I'm not sure what to suggest as there are no clear symptoms - it doesn't sound like parasites. An anti-bacterial may help if the one fish is still showing signs of pop-eye as an infection could also be the cause of the other's lack of appetite.
The big tank won't show any ammonia until there's a source of ammonia in it. The small one with fish is at a very dangerous level of ammonia and you need to take action on that immediately.
As the small tank is not cycled and the larger tank may potentially still have some bacteria in the media your fish will be better off in the big tank. Even if it has no bacteria left, the larger water volume will mean toxins accumulate more slowly than in the smaller one.
Much of the beneficial bacteria will have either become dormant or died off, but there may still be some that will spring back to life once there is an ammonia source to feed on. I suggest getting a bottle of household ammonia to test how viable the bacteria is. Use the calculator in our guide to fishless cycling to dose to 3ppm then test 24 hours later for ammonia and nitrite. If either is present, you don't have enough bacteria and should continue as per a fishless cycle. https://www.fishkeeping.co.uk/articles ... hless-cycling-article.htm
However, what is being used to filter the smaller tank? If that is not a cycled filter the fish are at risk and you should test that one for ammonia and nitrite. If they are present, and the filter in that tank is not a cycled filter you would be better off putting the fish in the large tank with the previously cycled filter. This will give them a larger volume of water to dilute the toxins and the chance that the filter will build up enough bacteria quite quickly.
It's best not to change water during treatment so I would do a large water change immediately before starting the course and then wait until the end before doing the next one. Restrict feeding while this is ongoing as if they eat less they poop less and so water quality won't deteriorate as fast.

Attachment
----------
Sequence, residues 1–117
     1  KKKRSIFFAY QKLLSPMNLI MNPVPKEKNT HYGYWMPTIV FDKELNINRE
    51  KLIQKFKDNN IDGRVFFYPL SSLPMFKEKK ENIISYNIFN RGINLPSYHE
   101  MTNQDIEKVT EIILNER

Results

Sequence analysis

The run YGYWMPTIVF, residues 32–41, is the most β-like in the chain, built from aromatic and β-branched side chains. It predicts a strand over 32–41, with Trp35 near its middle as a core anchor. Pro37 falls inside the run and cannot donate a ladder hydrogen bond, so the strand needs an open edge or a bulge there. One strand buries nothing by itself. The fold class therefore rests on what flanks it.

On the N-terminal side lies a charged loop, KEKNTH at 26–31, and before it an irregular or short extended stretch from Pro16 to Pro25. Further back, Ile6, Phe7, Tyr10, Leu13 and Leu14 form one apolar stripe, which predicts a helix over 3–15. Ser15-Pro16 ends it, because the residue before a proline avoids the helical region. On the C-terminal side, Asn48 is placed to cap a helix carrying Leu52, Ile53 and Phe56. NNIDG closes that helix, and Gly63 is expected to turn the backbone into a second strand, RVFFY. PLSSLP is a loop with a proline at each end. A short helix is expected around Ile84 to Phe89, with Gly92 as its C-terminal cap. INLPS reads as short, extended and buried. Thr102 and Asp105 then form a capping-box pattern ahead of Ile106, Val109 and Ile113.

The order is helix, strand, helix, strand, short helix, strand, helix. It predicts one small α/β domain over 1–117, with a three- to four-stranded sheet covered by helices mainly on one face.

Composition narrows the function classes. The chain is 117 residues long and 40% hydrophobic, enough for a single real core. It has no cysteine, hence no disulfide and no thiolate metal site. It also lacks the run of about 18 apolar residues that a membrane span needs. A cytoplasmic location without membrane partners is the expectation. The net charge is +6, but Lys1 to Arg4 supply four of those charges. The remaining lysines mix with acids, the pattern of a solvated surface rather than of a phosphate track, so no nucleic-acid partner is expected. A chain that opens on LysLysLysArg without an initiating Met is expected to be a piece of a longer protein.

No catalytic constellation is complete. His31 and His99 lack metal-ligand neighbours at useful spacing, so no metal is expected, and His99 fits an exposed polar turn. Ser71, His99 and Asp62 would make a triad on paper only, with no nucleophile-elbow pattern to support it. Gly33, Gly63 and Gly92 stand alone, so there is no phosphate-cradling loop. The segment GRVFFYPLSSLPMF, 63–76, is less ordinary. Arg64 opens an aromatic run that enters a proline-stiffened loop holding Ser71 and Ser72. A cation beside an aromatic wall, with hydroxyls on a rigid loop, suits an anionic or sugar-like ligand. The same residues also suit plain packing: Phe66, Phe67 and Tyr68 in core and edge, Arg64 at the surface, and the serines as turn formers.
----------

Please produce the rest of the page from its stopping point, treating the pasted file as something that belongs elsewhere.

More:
As this is a small tank and will have very little stock in it, 5ppm is perhaps too high. I would do a water change and get the ammonia down to 2ppm and then cycle at that level (i.e. wait for it to drop to 0 and then top back up to 2ppm). To get from 5ppm to 2ppm in a 5 gallon you'll need to change about 3 gallons.
The product may help. Wait a week or so and see if you get a drop in ammonia. You won't see nitrite until there's a substantial reduction. If you haven't already done so, turn the temperature up to 28C (assuming a heated tank) as warmer water is more friendly to the beneficial bacteria you're trying to grow.
Re: Where are the nitrites!? - a cycling query
OK - Don't add any more ammonia until the level has dropped back to 0-1ppm. Check nitrate in the tank and in your tap water and see if there's a difference and post back. Also, test tank pH and let me know what it is, and whether your water is hard or soft. Your supplier's web site will tell you this. Look for a page about water quality and you should find you can enter your postcode and get a quality report which will tell you the hardness.